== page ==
ORLANDO, Fla. - The AFL-CIO will examine and create a new and different internal and external structure, to be considered at its convention in Los Angeles in September, federation President Richard Trumka says.
The revamp is necessary, he added, to meet the conditions of changing workplaces, extend labor's reach to allied and community groups, and to shift its emphasis within the federation to more inter-union and regional cooperation.
"We'll use our sessions" in meetings nationwide "to see how we need to change to meet the needs of today's and tomorrow's workers," Trumka told reporters covering the federation's Executive Council meeting in Orlando, Fla., on Feb. 26. "We have to be honest with ourselves." The revamp meetings will be open to all.
Since its founding with the merger of the American Federation of Labor (AFL) and the Congress of industrial Organizations (CIO) in 1955, the nation's largest labor group has been an amalgamation of unions - now 57 after Actors Equity received a charter on Feb. 25 - state federations, central labor councils and specific departments.
Some departments and unions have come and gone, notably those that left in 2005 to form Change To Win. Constituency groups became part of the federation. But until recently, the AFL-CIO has not had ties to non-union worker and community groups, though several have joined the federation in coalitions.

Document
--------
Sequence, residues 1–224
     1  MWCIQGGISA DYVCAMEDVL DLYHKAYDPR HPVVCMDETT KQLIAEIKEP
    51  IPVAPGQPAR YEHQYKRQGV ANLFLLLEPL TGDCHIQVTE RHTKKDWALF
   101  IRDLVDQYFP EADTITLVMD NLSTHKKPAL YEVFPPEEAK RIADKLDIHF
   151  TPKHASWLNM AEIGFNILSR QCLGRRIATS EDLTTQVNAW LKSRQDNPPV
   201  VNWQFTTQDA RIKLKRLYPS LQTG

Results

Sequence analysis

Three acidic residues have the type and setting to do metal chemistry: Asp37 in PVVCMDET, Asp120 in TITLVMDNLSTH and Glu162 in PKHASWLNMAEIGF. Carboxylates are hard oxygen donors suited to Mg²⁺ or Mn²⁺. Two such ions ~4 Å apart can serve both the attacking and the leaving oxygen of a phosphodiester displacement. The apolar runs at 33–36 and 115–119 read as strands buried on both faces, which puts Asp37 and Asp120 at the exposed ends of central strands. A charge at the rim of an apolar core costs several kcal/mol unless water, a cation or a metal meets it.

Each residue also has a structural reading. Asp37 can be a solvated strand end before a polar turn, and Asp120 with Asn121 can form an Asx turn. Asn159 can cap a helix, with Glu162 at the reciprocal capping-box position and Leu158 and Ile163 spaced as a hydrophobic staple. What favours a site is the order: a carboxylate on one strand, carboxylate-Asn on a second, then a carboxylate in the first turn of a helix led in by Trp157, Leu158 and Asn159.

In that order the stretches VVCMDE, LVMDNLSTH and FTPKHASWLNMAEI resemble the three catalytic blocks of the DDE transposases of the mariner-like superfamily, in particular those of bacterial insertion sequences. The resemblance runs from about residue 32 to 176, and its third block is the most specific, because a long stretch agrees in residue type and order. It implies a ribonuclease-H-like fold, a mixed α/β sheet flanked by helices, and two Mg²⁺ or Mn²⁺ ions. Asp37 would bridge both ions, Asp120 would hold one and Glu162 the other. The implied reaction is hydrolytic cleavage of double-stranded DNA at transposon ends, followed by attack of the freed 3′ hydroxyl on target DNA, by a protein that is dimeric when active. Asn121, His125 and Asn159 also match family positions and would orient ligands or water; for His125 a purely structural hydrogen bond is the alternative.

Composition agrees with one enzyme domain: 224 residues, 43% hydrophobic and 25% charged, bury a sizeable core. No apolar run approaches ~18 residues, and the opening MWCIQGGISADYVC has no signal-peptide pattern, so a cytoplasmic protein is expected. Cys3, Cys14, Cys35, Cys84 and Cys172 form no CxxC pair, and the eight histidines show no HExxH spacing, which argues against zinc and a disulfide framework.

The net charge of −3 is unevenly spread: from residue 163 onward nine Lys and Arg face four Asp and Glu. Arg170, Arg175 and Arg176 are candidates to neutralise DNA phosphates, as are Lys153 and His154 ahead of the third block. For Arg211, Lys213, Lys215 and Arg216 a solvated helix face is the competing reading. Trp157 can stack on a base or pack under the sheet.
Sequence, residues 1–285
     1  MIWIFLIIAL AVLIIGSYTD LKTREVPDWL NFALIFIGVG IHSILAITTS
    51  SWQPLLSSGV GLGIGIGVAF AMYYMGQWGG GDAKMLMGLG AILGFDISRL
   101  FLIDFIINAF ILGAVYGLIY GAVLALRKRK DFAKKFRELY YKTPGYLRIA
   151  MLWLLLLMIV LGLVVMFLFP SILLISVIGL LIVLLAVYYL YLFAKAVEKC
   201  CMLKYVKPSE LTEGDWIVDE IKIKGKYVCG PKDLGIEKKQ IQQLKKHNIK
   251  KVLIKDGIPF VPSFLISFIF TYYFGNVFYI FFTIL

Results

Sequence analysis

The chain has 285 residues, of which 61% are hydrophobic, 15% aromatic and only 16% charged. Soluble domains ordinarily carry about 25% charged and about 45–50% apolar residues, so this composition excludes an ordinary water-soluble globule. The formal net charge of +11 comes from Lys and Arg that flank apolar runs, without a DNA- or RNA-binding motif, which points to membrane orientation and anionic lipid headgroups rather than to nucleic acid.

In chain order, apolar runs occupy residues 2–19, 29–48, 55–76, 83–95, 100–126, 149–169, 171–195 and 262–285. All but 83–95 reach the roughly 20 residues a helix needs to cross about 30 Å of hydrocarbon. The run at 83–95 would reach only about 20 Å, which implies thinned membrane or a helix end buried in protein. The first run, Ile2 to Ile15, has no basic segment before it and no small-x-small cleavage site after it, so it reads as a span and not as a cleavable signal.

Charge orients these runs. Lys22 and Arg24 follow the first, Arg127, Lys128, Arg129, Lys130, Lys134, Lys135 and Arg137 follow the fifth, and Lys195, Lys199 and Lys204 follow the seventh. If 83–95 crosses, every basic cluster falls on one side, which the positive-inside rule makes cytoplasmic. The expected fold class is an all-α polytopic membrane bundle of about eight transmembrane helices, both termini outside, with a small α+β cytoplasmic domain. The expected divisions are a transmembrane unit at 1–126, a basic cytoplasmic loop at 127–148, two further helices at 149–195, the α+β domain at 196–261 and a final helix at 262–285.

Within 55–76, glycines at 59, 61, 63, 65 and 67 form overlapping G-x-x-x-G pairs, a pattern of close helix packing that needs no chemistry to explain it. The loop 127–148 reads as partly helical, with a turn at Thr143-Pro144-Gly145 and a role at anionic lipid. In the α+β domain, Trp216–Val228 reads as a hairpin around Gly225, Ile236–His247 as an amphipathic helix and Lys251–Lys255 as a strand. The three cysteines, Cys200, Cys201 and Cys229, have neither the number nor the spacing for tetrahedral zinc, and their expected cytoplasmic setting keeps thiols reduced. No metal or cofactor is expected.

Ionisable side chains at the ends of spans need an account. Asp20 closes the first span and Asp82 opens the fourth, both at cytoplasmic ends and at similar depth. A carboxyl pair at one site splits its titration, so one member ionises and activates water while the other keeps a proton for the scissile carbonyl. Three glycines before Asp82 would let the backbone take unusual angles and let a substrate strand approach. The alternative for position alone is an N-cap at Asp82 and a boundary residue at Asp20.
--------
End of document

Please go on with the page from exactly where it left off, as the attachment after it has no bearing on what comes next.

Trumka says the fed will hold open community meanings, inviting unionists, non-AFL-CIO unions, youth, academics, community allies and others to discuss ways to change that structure and to more widely represent workers.
"The AFL-CIO was designed to prevent us from hurting one another, not necessarily to help one another," Trumka explained. Now its leaders want to reach out beyond unions themselves to appeal to workers, as workers, on a wider scale. "We have to design new forms of representation," Trumka said.
Those new forms include chartering more worker centers, expanding Working America - the fed's 3.2-million member community affiliate for workers who can't or won't join unions - and other "non-collective bargaining forms of representation."
But the ideas won't be top-down, and the federation wants to integrate legislative, collective bargaining, politics and organizing all into one process. "The state feds and central labor councils will change and there'll be one strategic plan," not 50, Trumka stated.